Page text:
• Mike sounds pretty bitter. His criticisms are not without merit, but they seem rather skewed. I wonder what percentage of the 4000-strong Methodist congregation attends worship services weekly. I wonder how many fully tithe. I wonder how many actively serve in a 'calling.'

    The LDS model requires much of its adherents. It takes serious conversion to be willing to donate time and means at the level required. The LDS model also works with a sort of New Testament flavor to even things out between its congregations. There is a desire for all units to have as much of the church's programs as their respective members are able to bear.

    So we don't build mega congregations with fantastic services that can be easily obtained outside of the church. Instead we build intimate congregations where everyone can (and needs to) serve each other. You know, President Hinckley's point about every convert needing a calling.

    Not all worldly methods are worthy recruiting tools for Christ's true church. These kinds of things grew in the original Christian church as authority and revelation waned. Probably everyone that has served a mission has seen the misuse of recruiting techniques that resulted in the baptism of someone that wasn't truly converted. So I'm not sure how winning some kind of worldly popularity contest with a religious tilt is going to prevent the retention nightmares Mike references.

    If our congregations are uninviting and our fortress to protect from evil so strong that the good cannot peer inside, we've got a problem. If our congregations are not alive with the Spirit, we've got a problem. But I'm not sure that professional daycare, sports, and music programs are the proper way to address those problems.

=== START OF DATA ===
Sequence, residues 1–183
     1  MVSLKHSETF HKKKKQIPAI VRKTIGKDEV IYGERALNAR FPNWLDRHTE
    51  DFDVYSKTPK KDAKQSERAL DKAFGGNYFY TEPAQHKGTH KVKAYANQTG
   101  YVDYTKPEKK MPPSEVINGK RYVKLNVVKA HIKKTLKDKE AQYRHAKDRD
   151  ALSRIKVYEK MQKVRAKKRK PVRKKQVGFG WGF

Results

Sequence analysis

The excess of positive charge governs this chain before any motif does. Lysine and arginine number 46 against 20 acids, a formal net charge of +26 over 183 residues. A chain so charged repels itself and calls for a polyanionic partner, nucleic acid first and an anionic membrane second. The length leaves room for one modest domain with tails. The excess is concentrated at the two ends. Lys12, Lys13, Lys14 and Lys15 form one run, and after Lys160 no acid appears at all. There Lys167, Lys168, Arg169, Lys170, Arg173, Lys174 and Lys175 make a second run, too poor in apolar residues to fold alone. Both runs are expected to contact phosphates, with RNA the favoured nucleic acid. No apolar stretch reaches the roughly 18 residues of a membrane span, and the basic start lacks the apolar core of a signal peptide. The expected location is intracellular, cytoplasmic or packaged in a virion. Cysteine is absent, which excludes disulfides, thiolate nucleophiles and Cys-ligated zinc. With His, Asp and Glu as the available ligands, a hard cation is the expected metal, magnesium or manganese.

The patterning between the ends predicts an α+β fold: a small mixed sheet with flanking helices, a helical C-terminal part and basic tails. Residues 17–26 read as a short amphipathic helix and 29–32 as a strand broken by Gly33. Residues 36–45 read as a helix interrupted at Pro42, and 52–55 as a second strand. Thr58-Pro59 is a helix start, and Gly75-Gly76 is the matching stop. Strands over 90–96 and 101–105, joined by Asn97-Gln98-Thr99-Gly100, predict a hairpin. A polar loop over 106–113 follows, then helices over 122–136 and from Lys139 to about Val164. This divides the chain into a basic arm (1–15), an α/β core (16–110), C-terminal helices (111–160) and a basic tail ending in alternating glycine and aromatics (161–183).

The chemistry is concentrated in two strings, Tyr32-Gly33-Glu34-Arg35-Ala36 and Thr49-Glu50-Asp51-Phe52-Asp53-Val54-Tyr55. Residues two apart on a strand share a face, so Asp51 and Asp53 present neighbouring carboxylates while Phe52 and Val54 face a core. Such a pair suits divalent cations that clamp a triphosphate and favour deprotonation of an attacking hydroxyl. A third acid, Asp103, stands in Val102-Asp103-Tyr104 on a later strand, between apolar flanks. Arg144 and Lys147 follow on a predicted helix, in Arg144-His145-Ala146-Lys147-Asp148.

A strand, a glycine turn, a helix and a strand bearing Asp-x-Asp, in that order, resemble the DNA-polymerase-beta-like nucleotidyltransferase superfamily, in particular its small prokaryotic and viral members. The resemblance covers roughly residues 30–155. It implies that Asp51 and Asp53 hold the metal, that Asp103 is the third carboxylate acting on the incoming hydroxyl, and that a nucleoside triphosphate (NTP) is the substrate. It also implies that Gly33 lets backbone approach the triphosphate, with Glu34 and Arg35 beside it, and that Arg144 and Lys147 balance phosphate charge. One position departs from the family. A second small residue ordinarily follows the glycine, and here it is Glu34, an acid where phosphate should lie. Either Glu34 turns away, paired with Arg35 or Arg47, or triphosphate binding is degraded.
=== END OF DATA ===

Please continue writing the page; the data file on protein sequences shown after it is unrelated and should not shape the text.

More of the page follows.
By Blogger Scott Hinrichs, at 4/24/2006 2:28 PM  

  • Thanks for those comments. The point you both raise about baptism is a very valid one. Would it be appropriate in our church to have a large number of "investigators" that attend but are not baptized?

    I suppose that if we had a bunch of people that were attending but were not holding callings it would make a lot of the problems of a small ward even worse in the short term. (Good luck finding enough primary teachers!) But in the long term, as more people were converted...?

    By Blogger Bradley Ross, at 4/24/2006 7:31 PM  

  • Who says more people would be converted under this model? I know people that have attended church meetings for years (they usually have family members that are church members) without being baptized.

    I also have to wonder if the average level of activity would remain constant once the need for the desired services (child care, music lessons, etc.) was past, since individual conversion would simply be a desirable byproduct rather than the main focus.

    The idea, I guess, is that some of the casually committed would eventually become truly committed. I have seen this occur in the lives of a few people, but I have also seen it go the other way.

    I think it's important for the church to focus on its core responsibility and to be very careful about involvement in non-essentials that tend to carry high overhead costs. Most of the church's resources should be applied to its core mission.

    But we're not purists in this respect. A friend of mine that works for the church says that he thinks it must offend the Lord on some level that we have nice gymnasiums in every full-size ward building, while we don't have baptismal fonts in all of these buildings.

    By Blogger Scott Hinrichs, at 4/25/2006 6:17 AM